1H revenue: JPY82mn (+281.9% YoY, versus parent revenue; YoY figure given as a reference, same below)
1H revenue consists of digital signage business for beauty salons, sales for Nagano Toyota Motor Sales Co., Ltd., and other signage-related businesses. In the business for beauty salons, the company has made good progress with installations in salons, and media reach has expanded to 1.1m per month. As a result, advertising revenue from media operations was booked as revenue in the quarter. In addition, the company also booked revenue for some advance services provided for Toyota Motor Corporation in Nagano, which will become a full-fledged business from the second half of the year, as well as revenue related to signage for commercial buildings (VIEWGATE) and for existing P3 business (distribution for major convenience stores).
1H revenue: JPY48mn (-79.3% YoY)
Revenue fell in the mainstay set-top box (STB) business. The reason for this was that the projects that slipped from Q1 to Q2 were booked as planned, but projects that were scheduled to be accounted for in Q2 pushed back to Q3 due to difficulties in procuring semiconductors and other components. The company is reviewing the business structure of the group as a whole and concentrating resources on the PPP business, where it is narrowing down the scope of the business.
1H revenue: JPY51mn (-38.5% YoY)
Sales decreased, as the company reviewed its customer contracts. The company is also beginning to review its business operations in this segment as it concentrates resources on the PPP business.
|(JPYmn)||1H Act.||2H Act.||FY Act.||1H Act.||2H Act.||FY Act.||1H Act.||2H Est.||FY Est.|
|Cost of revenue||259||295||554||199||182||381||135|
|Gross profit margin||21.8%||34.8%||29.3%||41.4%||26.4%||35.0%||25.9%|
|Operating profit margin||-||-||-||-||-||-||-||19.7%||0.8%|
|Recurring profit margin||-||-||-||-||-||-||-||20.0%||0.3%|
The company has renamed its business categories effective from FY01/22, but business category content remains essentially unchanged.
The company defines the Platform, Planning & Product (PPP) business as “a business that builds comprehensive location-specific media in places where people gather to receive services.” Revenue is forecast at JPY1.0bn (+2,387.6% YoY). Revenue in this business is heavily weighted towards the second half of the year, and the rate of progress in sales in 1H against the full-year forecast was only 8.2%.
As for revenue in the second half, firstly, digital signage systems for beauty salons are performing well in terms of advertising revenue, despite the impact of the pandemic. The company and its partners will continue to expand the number of units installed, generate advertising revenue, and continue sales activities to increase media distribution revenue.
The company provides devices for beauty salons, but the number of units shipped to Dalia, one of its partner companies, has increased from 15,614 at the end of July to 17,000 in October. The short-term target is 18,000. According to Digital Garage, one of the partner companies, the media distribution business already has about 11,000 installed units at the end of July. 1H revenue also includes distribution revenue from these advertisers.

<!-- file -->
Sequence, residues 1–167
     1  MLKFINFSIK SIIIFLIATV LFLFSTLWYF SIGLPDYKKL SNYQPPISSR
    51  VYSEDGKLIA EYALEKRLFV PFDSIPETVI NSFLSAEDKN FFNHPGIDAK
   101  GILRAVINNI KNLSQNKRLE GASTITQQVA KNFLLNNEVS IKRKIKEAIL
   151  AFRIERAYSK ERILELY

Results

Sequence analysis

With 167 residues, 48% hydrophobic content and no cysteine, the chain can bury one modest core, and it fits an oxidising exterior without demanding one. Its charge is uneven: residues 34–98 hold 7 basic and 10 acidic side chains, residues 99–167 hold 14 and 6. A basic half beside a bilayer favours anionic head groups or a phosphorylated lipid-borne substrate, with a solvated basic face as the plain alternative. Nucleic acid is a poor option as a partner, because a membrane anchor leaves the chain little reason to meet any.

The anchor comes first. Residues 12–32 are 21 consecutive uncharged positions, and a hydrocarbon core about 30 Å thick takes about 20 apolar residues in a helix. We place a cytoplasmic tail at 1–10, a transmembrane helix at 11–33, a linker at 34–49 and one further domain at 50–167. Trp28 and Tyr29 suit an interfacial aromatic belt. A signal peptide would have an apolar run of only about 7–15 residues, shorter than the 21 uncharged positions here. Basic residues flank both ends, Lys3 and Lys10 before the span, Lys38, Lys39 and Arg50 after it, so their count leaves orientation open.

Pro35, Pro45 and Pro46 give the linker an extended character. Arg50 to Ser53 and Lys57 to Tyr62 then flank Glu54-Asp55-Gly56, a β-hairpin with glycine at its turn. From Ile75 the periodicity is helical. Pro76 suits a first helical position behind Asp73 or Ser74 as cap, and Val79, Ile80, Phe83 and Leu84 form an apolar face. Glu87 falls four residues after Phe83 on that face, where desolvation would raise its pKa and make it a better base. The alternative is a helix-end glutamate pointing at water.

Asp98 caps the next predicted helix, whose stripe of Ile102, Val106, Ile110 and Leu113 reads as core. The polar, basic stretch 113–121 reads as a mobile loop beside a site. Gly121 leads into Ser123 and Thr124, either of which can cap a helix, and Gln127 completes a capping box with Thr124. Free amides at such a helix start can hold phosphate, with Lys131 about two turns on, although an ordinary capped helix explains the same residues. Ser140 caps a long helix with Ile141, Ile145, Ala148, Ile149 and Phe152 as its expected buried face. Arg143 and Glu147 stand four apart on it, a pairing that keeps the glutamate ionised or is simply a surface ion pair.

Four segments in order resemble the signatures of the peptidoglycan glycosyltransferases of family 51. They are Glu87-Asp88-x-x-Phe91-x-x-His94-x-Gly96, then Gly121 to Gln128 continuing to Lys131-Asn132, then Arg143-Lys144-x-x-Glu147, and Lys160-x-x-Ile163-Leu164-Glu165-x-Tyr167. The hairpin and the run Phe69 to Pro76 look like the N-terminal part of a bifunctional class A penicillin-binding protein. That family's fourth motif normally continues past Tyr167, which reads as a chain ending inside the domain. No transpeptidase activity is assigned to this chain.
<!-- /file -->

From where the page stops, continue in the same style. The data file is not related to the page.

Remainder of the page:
In addition, in the second half of the year, the company expects to have its business with Nagano Toyota Motor Sales (partnership established in the previous year) up and running at full speed. It plans to introduce the flagship model of the next-generation showroom service in the Nagano Toyota Motor Sales headquarters building and main stores, and to gradually expand this to other stores once it has installed LEDs and developed the required software. In terms of the business partnership with Koyou Rentia, the company plans to gradually expand the installation of signage terminals and video distribution systems in the construction site market in the second half. In addition, the company plans to expand its signage business (VIEWGATE) for commercial buildings, and to launch a new media platform-related business in partnership with Hiroshima University. It also plans to absorb fixed costs by increasing revenue from the PPP business once it is fully up and running and move into profit at the operating level for the full year.
The company defines the Made-to-Order Product business as “a business that sells P3-designed and developed products on a made-to-order basis.” It integrated the formerly separate Hospitality and Enterprise categories of the IoT Solution business into the business as part of the recent segment reorganization, and transferred its media distribution operations to the PPP business. Revenue is forecast at JPY131mn (-66.3% YoY). The progress rate of this business for 1H against the annual revenue forecast is 37.1%.
Core product lines include set-top boxes (STBs), and Cygnus wearables. In STBs, the company aims to capitalize on 4K resolution replacement demand. For Cygnus, it looks to continue business with existing customers. It expects STB sales to account for the bulk of its revenue forecast with growth expected in the education support field.